The Boy Scouts of America have fallen into disuetude. At the height of its popularity in the second half of the twentieth century, hardly a church or synagogue did not sponsor a troop. Intended to develop good character and citizenship in addition to teaching useful skills, boys collected “merit badges” for their proficiency. Scouts wore uniforms, exchanged unique salutes, and held to a specific pledge. They were also motivated to live in accordance with the motto: “Be Prepared.”
The notion of being prepared did not originate with the Boy Scouts, however. It has far more ancient – and Jewish – roots. The Torah (Exodus 27:3) lists the implements that needed to be fashioned in order to perform the sacrificial rites. There were pots for the removal of ashes from the altar, shovels, basins, flesh-hooks for grabbing the sacrificial meat, and fire-pans for transferring coals. All the implements were to be made of brass. Commenting on the list, the Talmud (Hagigah 26b) states that all the vessels in the Temple had replacements so if one was rendered ritually impure, another could substitute. In other words, the custodians of the Temple had to be prepared for the possibility that the vessels intended for use were disqualified because of contamination. Since the sacrificial service was essential, replacement vessels had to be available if needed. In this way, the Temple service would proceed unabated.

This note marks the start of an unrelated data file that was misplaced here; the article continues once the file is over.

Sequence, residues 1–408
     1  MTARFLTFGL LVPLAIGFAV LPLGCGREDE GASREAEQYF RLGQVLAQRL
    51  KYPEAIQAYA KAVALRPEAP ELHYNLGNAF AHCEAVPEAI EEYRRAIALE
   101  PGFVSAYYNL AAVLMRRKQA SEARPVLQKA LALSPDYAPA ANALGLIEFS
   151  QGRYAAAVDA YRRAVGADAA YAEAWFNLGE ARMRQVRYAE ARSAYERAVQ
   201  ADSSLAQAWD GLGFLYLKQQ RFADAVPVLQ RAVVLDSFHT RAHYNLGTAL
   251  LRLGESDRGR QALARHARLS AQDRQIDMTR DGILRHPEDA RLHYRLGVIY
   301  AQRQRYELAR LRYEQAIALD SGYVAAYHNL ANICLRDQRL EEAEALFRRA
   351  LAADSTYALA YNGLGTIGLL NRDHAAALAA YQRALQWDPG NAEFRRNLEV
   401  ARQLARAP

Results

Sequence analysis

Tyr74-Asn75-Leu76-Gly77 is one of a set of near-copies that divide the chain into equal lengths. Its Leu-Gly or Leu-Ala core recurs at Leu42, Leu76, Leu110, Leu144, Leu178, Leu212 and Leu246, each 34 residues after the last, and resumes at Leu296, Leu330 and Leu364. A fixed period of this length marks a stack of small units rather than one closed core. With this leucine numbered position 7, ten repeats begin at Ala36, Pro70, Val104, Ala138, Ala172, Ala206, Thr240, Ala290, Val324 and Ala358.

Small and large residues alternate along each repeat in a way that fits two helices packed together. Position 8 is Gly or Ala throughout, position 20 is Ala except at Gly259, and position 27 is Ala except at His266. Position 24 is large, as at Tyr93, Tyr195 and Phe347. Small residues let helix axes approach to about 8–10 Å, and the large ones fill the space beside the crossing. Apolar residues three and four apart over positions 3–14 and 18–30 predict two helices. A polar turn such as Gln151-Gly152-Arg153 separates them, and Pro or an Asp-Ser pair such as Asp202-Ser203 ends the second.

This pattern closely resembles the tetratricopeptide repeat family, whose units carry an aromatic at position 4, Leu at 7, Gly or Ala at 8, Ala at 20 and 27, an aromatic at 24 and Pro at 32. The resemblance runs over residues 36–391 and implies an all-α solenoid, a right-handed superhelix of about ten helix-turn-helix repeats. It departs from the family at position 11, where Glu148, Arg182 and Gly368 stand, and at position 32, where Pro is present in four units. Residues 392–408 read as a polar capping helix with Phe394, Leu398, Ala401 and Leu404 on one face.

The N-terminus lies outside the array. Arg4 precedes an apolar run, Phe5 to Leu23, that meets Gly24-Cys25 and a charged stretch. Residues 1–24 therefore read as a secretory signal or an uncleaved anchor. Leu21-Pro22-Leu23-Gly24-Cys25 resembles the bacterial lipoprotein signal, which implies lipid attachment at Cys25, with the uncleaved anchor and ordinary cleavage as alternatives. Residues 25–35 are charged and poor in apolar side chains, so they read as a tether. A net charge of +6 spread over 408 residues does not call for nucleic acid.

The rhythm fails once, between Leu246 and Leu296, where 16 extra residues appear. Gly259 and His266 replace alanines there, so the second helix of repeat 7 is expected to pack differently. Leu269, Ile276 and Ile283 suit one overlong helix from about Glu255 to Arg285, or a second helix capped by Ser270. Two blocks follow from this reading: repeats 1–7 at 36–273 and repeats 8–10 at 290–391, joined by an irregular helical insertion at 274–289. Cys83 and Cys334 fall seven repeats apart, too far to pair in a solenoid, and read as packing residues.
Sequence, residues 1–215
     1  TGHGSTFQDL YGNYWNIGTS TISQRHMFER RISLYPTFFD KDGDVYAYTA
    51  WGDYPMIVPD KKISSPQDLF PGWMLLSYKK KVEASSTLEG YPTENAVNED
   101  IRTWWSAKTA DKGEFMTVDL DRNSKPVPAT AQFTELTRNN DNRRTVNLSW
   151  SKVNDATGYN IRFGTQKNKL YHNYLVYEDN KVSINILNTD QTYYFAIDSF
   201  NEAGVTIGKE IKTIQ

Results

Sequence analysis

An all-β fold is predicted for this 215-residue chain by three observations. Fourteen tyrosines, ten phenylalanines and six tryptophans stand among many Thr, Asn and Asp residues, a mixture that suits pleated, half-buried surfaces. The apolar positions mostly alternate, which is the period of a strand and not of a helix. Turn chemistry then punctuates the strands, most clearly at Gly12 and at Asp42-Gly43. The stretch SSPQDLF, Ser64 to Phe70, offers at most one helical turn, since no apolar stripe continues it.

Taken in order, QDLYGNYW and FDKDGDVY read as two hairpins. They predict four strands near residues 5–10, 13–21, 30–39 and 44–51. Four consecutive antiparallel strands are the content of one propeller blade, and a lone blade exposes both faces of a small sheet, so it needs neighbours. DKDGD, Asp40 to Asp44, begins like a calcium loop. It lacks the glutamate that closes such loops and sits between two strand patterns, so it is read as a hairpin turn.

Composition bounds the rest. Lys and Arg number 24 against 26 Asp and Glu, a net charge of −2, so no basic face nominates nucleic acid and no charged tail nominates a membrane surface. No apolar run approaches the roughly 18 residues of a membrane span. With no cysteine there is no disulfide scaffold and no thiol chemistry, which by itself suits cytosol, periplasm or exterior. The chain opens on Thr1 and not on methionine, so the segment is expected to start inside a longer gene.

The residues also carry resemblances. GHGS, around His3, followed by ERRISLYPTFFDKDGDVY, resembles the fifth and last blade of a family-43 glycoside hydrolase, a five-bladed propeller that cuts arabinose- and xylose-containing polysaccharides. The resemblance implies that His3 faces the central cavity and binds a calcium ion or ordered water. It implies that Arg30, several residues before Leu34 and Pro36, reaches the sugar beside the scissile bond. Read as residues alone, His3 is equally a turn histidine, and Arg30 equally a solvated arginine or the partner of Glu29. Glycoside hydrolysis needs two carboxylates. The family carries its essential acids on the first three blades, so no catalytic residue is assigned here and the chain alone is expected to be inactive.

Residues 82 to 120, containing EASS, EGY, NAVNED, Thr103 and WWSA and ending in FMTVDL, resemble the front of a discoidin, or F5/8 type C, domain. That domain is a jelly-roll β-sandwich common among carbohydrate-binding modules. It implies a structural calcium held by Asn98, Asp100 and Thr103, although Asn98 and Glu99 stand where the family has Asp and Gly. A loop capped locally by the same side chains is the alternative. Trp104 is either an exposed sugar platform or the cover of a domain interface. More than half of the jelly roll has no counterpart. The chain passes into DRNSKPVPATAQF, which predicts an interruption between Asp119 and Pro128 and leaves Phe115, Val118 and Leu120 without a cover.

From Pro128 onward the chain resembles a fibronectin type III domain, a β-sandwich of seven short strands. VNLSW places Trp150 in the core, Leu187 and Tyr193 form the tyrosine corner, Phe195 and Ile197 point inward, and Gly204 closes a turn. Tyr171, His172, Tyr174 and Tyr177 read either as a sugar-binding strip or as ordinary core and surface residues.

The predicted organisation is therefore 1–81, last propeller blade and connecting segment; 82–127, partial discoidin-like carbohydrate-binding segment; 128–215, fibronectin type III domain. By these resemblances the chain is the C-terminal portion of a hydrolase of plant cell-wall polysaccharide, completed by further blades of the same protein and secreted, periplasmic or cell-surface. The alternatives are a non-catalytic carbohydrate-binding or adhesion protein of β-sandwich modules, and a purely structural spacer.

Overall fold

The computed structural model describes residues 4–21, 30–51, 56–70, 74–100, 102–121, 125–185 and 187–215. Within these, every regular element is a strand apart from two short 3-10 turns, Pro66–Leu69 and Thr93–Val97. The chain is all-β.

Being prepared for any eventuality is indeed good advice. Having lived through the shortages at the beginning of the COVID pandemic, my wife organized what she felicitously calls “the Apocalypse cupboard” which she fills with a variety of essentials just in case of another shortage. When we suffered through an electricity outage, I resolved that we would never be incommunicado again. So, I purchased a crank radio that can also charge cells phones and serve as a flash-light too. (It also has a solar cell.) When Wi-Fi was lost at the school where I teach, the students concluded that everyone should go home since they have no access to the internet. I told them that in preparation for this eventuality, I have paper and pencils for everyone. The learning continued, to the dismay of my students.
These are all good examples of preparation but not exhaustive. In life it is always vital to have a “Plan B.” Should things not work out as expected, everyone should be prepared to consider the next, best option. That is a profound message derived from the Torah.